Wednesday, September 18, 2019
Entrepreneur and designer Kendra Scott with students in the Women in Entrepreneurship class.

By Jan Ryan

One of the highlights of our Women in Entrepreneurship class in the College of Fine Arts is the introduction of outside role models to surround students with strategies for success. I was thrilled to have hometown hero Kendra Scott with us for an intimate fireside chat on Sept 16. What an hour of inspiration! It was a class no one wanted to miss!

As chairman and CEO of Kendra Scott Inc. Kendra has built one of the most unique brands in the nation, with over 100 stores and 2,000+ employees, with a strong DNA for giving back and building community. Her story is iconic: from a humble start with $5,000 in her bedroom, Kendra pursued her passion as a designer and was able to balance her abundant creativity with the demands of an executive leadership role, all without losing her values of family and philanthropy.

How did she do it?

I asked Kendra to take us back to the beginning—back to Milwaukee, Wisconsin, where she grew up, and she shared with us the backstory of early childhood influences from her mother and aunt. Kendra’s mom, who still works with her today, was a Mary Kay consultant with a flair for outstanding customer service. Her aunt was a buyer for a department store at the time, exposing her to high couture and the desire to make fashion accessible to the everyday woman.

But the road was not always easy. She discussed how she came to live in Texas after her stepfather was diagnosed with brain cancer. This led to the launching of her first business, Hatbox, which was a response to what she observed at hospitals with cancer patients.

Though Hatbox had to close after a few years, the lessons she learned were invaluable. Failure was not fatal and in fact became the stepping stone to success. She was gaining valuable experience in the retail industry, and it led to her discovering that she loved making jewelry.

“It was funny that the answer to my future was really in front of me, and I wasn’t paying any attention to what was working. I was so focused on making something work that wasn’t working.”

“You do good.”

Kendra’s stepfather before he passed away made this statement to her: “You do good.” This phrase has stayed with Kendra throughout her career and drives everything the company embodies today, as well as her passion as an entrepreneur. “That entrepreneur’s fire inside of me wouldn’t just go away. I wanted to do something great. Our personal brand is as unique as your fingerprint. Each of us has a special gift that is unique to us.”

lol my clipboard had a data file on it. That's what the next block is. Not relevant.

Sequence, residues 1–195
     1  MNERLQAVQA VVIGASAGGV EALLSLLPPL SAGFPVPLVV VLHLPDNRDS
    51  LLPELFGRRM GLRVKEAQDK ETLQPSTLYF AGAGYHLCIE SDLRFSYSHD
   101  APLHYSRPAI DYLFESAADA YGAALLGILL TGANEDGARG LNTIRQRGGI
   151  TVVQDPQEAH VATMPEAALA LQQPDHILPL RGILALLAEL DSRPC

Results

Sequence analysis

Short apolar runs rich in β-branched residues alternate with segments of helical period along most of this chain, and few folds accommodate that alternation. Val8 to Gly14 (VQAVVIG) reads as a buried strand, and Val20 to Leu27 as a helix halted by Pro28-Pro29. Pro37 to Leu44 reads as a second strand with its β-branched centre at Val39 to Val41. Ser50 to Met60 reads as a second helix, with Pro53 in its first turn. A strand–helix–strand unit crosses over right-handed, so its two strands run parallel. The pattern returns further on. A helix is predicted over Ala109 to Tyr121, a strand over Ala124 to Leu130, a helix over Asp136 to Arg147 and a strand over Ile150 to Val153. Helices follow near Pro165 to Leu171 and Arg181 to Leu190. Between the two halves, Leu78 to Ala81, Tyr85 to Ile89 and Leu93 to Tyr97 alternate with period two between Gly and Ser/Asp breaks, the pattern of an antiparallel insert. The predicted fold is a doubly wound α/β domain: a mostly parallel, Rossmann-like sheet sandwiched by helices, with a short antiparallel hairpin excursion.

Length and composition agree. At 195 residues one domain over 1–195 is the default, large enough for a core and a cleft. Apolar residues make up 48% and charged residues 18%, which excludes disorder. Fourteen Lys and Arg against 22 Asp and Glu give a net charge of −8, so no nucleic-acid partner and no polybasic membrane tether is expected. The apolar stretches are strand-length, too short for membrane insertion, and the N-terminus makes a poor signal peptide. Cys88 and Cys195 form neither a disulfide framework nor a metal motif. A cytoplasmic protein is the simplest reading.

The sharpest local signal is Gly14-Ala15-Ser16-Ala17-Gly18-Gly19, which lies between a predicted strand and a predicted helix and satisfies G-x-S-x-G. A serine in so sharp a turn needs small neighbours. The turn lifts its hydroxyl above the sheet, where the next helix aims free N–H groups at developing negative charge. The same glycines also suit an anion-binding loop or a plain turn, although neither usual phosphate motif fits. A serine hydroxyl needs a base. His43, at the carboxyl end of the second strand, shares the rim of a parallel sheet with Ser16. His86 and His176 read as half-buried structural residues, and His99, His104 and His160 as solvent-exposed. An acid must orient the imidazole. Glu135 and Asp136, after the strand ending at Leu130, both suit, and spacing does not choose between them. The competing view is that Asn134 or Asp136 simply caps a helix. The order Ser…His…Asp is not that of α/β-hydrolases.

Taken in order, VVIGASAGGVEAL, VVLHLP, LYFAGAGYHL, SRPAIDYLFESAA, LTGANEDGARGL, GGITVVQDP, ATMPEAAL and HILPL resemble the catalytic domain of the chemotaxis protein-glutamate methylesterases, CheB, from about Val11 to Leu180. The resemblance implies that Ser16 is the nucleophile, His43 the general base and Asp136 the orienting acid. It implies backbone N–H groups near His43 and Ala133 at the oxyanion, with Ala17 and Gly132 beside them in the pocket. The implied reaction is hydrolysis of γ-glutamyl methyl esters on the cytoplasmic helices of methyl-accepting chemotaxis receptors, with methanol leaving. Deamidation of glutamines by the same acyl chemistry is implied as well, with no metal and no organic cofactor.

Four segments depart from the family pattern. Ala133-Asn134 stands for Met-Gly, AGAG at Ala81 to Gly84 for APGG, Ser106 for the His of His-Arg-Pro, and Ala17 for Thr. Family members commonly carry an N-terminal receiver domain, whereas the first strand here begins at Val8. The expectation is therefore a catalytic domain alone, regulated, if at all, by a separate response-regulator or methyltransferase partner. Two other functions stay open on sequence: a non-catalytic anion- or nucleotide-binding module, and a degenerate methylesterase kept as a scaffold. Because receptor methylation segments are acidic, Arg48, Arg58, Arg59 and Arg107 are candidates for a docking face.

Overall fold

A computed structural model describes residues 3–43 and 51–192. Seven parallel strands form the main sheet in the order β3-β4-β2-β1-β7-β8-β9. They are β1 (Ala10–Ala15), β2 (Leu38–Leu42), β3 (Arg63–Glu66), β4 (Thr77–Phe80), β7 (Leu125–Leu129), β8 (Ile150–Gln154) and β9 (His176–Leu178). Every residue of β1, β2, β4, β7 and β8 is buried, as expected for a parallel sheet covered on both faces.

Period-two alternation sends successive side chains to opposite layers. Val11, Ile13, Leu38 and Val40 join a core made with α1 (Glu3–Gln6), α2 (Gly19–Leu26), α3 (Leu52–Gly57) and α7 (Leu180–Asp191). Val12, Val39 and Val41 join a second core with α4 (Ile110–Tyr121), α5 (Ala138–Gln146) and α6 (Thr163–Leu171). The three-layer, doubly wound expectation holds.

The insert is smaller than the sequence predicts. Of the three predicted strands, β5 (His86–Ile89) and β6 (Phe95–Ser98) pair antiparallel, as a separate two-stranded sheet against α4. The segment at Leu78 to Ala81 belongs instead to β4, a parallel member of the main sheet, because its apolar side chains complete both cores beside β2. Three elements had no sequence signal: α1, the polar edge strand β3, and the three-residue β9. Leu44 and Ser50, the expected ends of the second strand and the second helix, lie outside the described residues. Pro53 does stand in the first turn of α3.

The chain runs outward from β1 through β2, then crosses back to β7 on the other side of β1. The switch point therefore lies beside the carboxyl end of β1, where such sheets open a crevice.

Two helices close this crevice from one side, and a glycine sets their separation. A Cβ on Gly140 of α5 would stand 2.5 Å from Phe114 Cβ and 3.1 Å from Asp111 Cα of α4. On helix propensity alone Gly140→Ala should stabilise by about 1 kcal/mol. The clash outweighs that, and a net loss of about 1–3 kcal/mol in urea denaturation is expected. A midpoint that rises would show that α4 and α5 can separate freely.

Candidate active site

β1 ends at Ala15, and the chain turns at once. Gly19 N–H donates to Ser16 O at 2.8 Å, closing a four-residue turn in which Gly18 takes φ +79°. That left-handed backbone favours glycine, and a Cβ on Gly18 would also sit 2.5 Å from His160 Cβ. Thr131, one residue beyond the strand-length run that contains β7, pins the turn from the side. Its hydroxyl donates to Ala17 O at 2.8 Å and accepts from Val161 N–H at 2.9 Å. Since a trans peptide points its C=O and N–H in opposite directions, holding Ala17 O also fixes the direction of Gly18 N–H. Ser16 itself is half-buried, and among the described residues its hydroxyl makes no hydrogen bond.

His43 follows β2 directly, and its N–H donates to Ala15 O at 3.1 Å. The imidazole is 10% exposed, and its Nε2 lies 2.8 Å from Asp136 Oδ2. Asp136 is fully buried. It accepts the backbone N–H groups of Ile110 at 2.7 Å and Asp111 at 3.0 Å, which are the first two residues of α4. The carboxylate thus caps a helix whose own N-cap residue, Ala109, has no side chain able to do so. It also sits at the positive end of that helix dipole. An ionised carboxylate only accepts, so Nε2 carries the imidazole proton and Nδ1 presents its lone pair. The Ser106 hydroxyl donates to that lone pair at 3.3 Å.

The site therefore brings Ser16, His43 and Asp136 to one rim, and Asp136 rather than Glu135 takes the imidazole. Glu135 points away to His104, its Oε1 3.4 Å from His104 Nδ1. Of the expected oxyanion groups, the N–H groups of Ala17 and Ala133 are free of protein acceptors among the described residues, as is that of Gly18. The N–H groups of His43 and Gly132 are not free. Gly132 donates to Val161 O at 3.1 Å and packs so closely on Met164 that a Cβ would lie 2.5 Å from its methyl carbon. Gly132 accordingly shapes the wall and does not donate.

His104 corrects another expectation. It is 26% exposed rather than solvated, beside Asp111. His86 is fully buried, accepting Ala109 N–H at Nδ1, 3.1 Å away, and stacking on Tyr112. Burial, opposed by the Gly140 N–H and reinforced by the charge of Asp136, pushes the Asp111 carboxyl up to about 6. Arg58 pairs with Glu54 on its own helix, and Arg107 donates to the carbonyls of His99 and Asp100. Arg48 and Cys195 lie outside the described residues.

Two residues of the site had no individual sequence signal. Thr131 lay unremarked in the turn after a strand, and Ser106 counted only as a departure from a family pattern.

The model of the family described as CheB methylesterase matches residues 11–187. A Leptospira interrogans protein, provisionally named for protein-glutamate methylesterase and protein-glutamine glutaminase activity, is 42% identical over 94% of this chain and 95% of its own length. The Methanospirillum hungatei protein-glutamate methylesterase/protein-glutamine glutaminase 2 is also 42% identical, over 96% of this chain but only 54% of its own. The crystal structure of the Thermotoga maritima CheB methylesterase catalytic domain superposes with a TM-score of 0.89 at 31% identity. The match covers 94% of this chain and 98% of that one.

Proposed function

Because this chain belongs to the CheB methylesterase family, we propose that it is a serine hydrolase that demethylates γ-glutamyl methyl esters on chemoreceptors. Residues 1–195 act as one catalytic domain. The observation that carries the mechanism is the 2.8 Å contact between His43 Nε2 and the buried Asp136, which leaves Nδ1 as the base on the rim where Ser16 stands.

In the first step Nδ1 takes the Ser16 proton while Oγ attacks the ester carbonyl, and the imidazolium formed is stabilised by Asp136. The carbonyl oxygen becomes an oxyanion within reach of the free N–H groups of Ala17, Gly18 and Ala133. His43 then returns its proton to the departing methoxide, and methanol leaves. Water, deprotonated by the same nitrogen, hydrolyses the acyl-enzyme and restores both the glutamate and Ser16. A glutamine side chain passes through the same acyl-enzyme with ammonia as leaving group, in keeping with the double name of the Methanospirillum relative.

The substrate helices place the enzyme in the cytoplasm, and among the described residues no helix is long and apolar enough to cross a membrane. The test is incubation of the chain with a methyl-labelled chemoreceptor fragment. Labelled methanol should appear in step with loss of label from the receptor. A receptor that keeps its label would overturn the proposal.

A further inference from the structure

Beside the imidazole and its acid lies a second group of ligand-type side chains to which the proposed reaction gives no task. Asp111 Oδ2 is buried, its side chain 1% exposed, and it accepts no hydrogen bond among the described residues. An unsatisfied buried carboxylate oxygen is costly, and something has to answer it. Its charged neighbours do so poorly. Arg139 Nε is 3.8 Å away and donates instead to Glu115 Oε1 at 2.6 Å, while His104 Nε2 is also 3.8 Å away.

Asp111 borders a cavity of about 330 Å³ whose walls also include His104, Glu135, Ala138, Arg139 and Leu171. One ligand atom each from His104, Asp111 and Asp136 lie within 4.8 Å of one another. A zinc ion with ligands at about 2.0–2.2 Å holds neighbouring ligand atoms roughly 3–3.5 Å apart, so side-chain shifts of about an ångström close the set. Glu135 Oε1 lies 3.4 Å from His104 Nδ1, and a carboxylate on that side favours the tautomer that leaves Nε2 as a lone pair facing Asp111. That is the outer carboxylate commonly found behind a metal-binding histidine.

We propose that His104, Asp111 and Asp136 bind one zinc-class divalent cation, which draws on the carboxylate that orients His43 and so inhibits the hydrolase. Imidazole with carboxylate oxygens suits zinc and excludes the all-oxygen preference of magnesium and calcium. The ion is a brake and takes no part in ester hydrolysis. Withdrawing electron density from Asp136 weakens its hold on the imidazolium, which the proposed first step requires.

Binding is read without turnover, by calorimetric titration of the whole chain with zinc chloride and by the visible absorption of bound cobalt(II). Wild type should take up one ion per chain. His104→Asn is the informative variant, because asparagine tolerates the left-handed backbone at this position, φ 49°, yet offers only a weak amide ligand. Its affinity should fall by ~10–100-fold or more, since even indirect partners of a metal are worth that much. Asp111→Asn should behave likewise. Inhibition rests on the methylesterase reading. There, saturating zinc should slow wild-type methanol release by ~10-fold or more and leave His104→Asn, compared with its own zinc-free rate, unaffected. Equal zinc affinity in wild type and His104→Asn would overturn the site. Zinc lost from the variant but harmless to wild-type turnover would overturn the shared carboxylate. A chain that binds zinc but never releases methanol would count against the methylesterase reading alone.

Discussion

The first Kendra Scott retail store opened in 2010. From the beginning Kendra looked at the business from a customer’s perspective with fresh eyes every day, observing what they like or don’t like about the jewelry shopping experience, what they might find intimidating. She adds, “The minute you compare yourself with others and copy them, your customers stop trusting you. I love it when someone says, you cannot do this. It gets me going. It stokes that fire in me. There were a million reasons why I couldn’t succeed on paper. You may be told that your ideas are stupid. You cannot let any of this stop you.”

Community and customer experience are part of the DNA of Kendra Scott. Though the company has great customer data, Kendra mentioned that they also pay close attention to the importance of the personal connection with customers. This is why at a time when other retailers are closing their retail outlets, Kendra Scott is continuing to expand. They believe that customers come into their stores to seek connection and community.

She added that as the company continues to scale, the decisions you make with 2,000 employees versus 20 are different, and if you get too overwhelmed or afraid, you lose that entrepreneurial spirit that made you special in the beginning.

Kendra adds, “It takes a lot of humility, being an entrepreneur. It takes being able to ask for help. That doesn't show you're weak, it shows that you're strong. It's okay to be vulnerable, and it's okay not to know something and call on someone. “I have mentors still. I’m running a company bigger than it was the night before, every single day. And I call people who I respect and admire and say, ‘Okay, I'm in this position. What would you do? Or do you have any advice for me?’ And I think that's really important.”

Kendra also emphasizes the importance of creative thinking and empowering her organization to come up with new solutions. She believes in allowing her employees to have the entrepreneurial spirit.

She adds, “This allows the people who are told they're not creatives to become creative. I was a creative and was told that I couldn’t be a business person. If you are left brain you cannot have a right brain. Well, I say boo-hoo. You just have to build a bridge for the left and right side of the brain. You find the tools, the knowledge, the ability and the chance to do it. It is amazing when those things happen.“

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